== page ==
Education

Christopher Blodgett, PhD, (Moderator) is a Washington State University faculty member and a licensed clinical psychologist. Chris has been the Principal Investigator for more than three dozen federal and national foundation grants addressing high-risk children and families. He is the Director of the CLEAR Trauma Center at WSU. Trauma informed schools work in the CLEAR model now includes multiple schools in Washington, Oregon, and California. Chris and his team partner with communities and systems to adapt the science of resilience, brain development, and trauma treatment to better address trauma resulting from childhood adversity. Now funded by multiple federal and philanthropic grants, this work documents the profound and immediate consequences of ACEs and tests practical actions to improve child, family, and system outcomes. Read more.

Deanna Beck, MEd, NBCT, is Principal for Northwood ABC Elementary School in Anchorage, Alaska. She is also President of the Alaska Association of Elementary School Principals, Adjunct Professor for the University of Alaska Anchorage Special Education Program, and Lieutenant Commander in the U.S. Coast Guard Reserves. Previously, she taught special education in 1st through 12th grades in Louisiana, Utah, and Alaska. Beck is a U.S. Coast Guard Academy Graduate, obtained her Masters in Special Education and teaching certification from the University of New Orleans, achieved National Board Certification as Exceptional Needs Specialist in 2009, and obtained a Masters in Special Education Administration and Graduate Certification in Education Leadership from the University of Alaska Anchorage.

Renée Boynton-Jarrett MD, ScD, is a practicing primary care pediatrician at Boston Medical Center, a social epidemiologist and the founding director of the Vital Village Community Engagement Network. Through the Vital Village Network, she is supporting the development of community-based strategies to promote child well-being in three Boston neighborhoods. She joined the faculty at Boston University School of Medicine in 2007 and is currently an Associate Professor of Pediatrics. She received her AB from Princeton University, her MD from Yale School of Medicine, ScD in Social Epidemiology from Harvard School of Public Health, and completed residency in Pediatrics at Johns Hopkins Hospital. She is a nationally recognized for expertise in the role of early-life adversities as life course social determinants of health.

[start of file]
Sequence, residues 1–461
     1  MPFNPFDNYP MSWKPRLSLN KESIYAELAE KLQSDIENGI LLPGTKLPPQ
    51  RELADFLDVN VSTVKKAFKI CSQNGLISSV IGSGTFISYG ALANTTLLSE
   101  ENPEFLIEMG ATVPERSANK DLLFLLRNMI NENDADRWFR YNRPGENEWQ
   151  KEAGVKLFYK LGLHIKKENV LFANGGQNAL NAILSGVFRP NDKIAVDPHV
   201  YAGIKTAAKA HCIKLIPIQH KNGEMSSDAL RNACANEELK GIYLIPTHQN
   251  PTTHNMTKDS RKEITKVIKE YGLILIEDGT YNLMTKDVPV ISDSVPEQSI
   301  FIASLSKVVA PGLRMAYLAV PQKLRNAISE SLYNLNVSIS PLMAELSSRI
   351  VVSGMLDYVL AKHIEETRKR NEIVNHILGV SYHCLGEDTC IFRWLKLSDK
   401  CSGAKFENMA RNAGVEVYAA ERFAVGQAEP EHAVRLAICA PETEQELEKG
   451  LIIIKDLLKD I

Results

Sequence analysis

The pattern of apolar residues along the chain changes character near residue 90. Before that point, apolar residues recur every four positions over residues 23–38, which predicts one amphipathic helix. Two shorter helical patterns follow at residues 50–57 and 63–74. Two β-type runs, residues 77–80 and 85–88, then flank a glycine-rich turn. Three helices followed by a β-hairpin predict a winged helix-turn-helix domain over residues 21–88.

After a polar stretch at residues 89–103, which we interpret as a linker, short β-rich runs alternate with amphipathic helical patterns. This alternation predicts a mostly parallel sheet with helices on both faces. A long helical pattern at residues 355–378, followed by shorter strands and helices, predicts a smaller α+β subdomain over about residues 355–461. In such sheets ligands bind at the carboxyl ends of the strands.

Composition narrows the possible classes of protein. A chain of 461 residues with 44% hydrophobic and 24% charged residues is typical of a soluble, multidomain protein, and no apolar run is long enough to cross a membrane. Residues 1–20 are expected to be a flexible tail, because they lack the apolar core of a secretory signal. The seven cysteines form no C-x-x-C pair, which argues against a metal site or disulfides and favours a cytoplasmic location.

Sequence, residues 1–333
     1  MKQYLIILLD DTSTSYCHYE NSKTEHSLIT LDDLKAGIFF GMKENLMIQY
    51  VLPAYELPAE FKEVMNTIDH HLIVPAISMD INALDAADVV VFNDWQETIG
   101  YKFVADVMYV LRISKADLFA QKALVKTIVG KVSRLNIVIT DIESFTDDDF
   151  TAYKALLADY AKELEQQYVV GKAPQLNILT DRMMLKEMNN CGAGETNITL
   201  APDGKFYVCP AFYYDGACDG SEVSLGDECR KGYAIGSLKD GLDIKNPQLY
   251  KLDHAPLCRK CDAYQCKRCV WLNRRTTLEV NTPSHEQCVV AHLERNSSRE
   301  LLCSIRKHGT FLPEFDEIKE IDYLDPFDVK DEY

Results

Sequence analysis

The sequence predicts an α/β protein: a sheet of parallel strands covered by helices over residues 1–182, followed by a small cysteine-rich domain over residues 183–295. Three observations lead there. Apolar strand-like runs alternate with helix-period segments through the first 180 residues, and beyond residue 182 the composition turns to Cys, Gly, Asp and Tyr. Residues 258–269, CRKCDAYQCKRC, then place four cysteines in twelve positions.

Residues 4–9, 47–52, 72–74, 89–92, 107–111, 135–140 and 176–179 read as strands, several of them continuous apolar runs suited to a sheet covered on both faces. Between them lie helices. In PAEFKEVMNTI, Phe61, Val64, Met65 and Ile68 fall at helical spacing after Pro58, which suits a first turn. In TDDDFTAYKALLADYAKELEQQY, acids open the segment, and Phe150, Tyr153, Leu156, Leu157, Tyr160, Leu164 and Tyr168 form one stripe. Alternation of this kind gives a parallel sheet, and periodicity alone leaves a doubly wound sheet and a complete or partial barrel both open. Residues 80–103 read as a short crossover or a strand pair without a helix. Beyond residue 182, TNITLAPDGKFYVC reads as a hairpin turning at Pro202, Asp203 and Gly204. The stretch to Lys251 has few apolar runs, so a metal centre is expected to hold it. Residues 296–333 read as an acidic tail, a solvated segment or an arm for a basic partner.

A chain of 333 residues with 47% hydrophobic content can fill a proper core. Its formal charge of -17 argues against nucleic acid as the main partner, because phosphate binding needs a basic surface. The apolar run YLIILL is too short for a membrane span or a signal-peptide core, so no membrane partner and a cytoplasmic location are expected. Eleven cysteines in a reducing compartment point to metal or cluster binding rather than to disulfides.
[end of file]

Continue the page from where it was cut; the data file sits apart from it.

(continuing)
Mary Crnobori, PhD, BCBA, is the Coordinator of Trauma-Informed Schools for Metro Nashville Public Schools. She is committed to equipping school professionals with critical knowledge about how past or present adversity can impair neurobiological development, lifelong health, and school success; and offers practical recommendations for building trauma-informed school communities and classrooms that empower, promote resilience, and optimize school success for all students. Dr. Crnobori holds a PhD in Special Education from Vanderbilt University, a M.Ed. in Special Education, and a B.A. in Psychology; and is a Board-Certified Behavior Analyst. She is also a co-author of several peer-reviewed articles, book chapters, and the book Managing Challenging Behaviors in Schools: Research-Based Strategies that Work. Most importantly, she gets her greatest joy from her role as the parent of two sons who attend public schools. 

 

Health

Wendy Ellis, DrPH(c), MPH, (Moderator) is the Project Director of the Building Community Resilience collaborative at the Milken Institute School of Public Health at George Washington University. The Building Community Resilience (BCR) collaborative is testing and implementing a model based on Ms. Ellis’ research in designing a strategic process for child health systems to align resources, programs and initiatives with community based partners to address childhood adversity and reduce the effects of social determinants that culminate in toxic stress. The strengths based approach is aimed at building the infrastructure to promote resilience in vulnerable communities. The BCR model is being tested in five major U.S. cities and is supported in part by the Doris Duke Charitable Foundation, The Kresge Foundation and Nemours. Read more.